August 16, 2019
A Scary Future for Life Insurance?
Social media, currently checked to find falsehoods in applications, could be used in ways that customers might consider far more invasive.
Web users, especially business owners, already have plenty of good reasons to be careful with what they put online. Shifts in public perception, the increasing threat of data leaks and continual attempts to steal your identity might be enough. However, new state rules for New York’s insurance companies could highlight another worrying trend. What you post could affect your premiums.
It’s already legal for insurance companies, including life insurance and business protection insurance providers, to use public data to decide what you pay. From credit scores to court records and now including your Twitter feed, they can effectively use nearly anything they want to set insurance prices.
Now, however, New York is taking a bold step forward as the first step to codify the practice. Discrimination by race, sexual orientation, faith and other protected classes is still illegal, but the use of personal data to inform insurance decisions is a trend that many are worried other states will follow.
See also: New Efficiencies in Life Insurance
Your data is just another way for insurance companies to measure your risk and make more efficient decisions. Regulations are designed to keep the needs of the companies and their customers both satisfied, but many are concerned that it’s just giving the providers license to be more invasive when deciding premium rates. Your rates aren’t only decided by what information you fill out; examinations are reaching further and deeper into our data than ever.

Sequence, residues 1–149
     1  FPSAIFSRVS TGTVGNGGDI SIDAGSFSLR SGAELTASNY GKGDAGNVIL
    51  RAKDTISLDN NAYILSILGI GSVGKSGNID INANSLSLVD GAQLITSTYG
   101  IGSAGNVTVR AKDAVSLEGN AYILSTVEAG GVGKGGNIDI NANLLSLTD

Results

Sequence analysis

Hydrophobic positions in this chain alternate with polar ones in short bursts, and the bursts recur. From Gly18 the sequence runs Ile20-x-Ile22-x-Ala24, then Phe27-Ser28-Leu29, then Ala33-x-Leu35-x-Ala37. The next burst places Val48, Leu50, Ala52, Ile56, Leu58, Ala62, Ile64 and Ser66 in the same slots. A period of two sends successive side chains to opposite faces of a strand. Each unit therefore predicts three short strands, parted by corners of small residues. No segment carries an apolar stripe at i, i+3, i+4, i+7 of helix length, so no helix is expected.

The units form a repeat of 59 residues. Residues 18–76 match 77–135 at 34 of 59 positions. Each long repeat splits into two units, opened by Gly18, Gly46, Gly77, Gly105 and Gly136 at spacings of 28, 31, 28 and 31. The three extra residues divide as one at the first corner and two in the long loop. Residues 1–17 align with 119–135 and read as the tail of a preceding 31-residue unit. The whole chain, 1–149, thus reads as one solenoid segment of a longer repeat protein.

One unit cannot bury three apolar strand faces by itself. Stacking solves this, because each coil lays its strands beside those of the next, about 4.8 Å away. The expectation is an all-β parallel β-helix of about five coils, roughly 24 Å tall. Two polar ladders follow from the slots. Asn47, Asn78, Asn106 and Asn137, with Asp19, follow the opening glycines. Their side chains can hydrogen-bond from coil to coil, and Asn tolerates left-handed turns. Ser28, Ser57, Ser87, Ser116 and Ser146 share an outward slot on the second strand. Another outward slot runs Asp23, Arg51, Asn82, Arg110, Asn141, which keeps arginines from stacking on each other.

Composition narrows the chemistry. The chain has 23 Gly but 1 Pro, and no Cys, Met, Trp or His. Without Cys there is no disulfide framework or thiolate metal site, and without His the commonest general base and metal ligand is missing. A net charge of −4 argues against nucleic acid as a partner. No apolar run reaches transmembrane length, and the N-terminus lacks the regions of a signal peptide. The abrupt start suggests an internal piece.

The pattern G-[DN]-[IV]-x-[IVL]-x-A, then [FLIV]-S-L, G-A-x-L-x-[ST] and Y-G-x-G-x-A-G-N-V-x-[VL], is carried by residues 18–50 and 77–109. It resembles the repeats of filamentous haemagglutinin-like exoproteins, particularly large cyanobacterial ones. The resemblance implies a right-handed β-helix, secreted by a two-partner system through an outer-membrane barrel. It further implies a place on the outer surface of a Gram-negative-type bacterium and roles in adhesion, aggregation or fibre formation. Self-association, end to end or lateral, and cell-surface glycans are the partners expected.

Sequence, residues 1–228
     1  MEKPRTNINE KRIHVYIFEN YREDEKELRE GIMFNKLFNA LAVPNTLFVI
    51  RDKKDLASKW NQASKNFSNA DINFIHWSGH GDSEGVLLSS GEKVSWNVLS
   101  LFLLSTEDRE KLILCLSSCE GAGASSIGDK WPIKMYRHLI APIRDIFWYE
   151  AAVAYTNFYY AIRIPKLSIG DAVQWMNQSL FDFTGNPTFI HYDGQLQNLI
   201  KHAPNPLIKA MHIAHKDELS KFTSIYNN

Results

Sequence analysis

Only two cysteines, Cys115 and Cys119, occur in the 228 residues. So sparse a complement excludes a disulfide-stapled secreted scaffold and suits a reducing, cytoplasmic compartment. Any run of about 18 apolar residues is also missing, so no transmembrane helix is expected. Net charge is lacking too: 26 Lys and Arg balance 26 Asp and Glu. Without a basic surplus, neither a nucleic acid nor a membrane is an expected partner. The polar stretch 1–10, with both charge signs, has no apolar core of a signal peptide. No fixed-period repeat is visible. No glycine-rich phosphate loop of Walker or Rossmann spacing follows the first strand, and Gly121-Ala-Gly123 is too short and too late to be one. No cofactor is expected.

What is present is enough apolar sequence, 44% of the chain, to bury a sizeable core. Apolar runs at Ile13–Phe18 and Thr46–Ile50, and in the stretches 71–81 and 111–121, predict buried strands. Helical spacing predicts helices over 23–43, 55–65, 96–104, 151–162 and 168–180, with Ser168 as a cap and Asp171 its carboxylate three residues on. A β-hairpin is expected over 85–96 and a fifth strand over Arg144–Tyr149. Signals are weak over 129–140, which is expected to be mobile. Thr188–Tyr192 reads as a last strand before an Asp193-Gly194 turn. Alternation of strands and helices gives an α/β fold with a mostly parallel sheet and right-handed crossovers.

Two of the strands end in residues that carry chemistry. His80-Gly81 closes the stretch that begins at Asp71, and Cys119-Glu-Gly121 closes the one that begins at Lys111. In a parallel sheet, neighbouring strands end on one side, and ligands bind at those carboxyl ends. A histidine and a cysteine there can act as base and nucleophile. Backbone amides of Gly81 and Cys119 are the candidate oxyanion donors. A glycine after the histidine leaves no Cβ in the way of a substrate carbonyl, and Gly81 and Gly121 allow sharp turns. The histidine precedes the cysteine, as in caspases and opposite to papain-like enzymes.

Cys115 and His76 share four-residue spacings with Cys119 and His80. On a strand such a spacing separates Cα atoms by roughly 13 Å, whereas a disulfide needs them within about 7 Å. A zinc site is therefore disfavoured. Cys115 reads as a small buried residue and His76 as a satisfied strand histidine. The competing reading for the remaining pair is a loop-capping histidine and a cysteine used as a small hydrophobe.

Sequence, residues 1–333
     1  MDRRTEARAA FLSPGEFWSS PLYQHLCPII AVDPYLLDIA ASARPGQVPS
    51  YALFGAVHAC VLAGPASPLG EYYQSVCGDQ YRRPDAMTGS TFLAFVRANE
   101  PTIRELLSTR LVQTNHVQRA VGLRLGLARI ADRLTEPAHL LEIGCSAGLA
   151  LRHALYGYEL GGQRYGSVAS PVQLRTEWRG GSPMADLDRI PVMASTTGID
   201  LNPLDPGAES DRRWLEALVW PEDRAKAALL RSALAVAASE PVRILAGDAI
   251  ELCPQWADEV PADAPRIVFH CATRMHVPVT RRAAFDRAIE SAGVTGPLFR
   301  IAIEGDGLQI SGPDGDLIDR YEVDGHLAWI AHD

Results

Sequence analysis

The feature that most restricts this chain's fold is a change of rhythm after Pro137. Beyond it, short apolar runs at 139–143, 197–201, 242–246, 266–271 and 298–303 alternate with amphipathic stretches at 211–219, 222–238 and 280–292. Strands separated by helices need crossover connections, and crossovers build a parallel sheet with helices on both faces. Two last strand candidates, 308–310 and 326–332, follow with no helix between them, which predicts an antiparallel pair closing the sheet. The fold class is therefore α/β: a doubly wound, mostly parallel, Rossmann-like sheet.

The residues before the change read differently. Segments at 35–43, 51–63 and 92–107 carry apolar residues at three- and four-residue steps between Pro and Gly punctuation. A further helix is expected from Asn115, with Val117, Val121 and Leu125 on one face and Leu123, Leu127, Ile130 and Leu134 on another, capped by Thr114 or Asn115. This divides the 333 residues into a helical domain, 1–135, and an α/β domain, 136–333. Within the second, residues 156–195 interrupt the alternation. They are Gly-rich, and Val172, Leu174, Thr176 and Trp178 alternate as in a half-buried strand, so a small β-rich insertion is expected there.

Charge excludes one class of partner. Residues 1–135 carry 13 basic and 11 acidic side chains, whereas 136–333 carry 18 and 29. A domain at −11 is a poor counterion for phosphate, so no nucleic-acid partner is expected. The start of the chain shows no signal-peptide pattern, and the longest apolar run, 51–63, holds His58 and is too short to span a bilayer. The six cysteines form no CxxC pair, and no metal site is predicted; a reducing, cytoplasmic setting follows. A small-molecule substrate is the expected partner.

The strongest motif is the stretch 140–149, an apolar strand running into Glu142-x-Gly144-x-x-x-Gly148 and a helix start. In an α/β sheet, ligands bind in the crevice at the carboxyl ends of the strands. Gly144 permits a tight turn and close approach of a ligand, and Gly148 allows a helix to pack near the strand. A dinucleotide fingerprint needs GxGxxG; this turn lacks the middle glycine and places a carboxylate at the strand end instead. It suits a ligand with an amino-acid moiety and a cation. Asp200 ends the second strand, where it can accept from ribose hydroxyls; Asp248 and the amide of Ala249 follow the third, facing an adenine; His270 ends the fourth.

The automation of the industry is making it easier to collect and collate data from many sources, but there’s always a human involved in the judgment, and many are concerned that business protection and life insurance providers expose too much.
Social media use in setting insurance premiums isn’t commonplace, yet. Only one of 160 insurers in New York use it, but “big data” is spreading across industries, showing the power of using data from diverse sources. At the moment, social media is used to determine falsehoods in applications, but there’s no reason it can’t be used in ways that customers might consider more invasive. And while discrimination is prohibited, some fear there’s nothing to stop providers from doing deeper dives. In many cases, the deeper you look into anyone, the more likely you are to uncover something that could be used to raise their premiums.
Algorithms may seem impartial, but they are designed by humans with all of their own biases. One textbook example is COMPAS, which predicted where crime would occur based on criminal justice data from the U.S. The tool vastly overestimated rates of recidivism for black defendants while underestimating the same risk for white defendants.
This trend of using social media data might not be widespread just yet, but there are justified fears that social media surveillance and investigation will become more common as reliance on the technology spreads. As such, it may be even harder for customers to see what affects their premiums, as much of it could be determined by big data gathering information from dozens of sources and obscure algorithms used to highlight risk factors.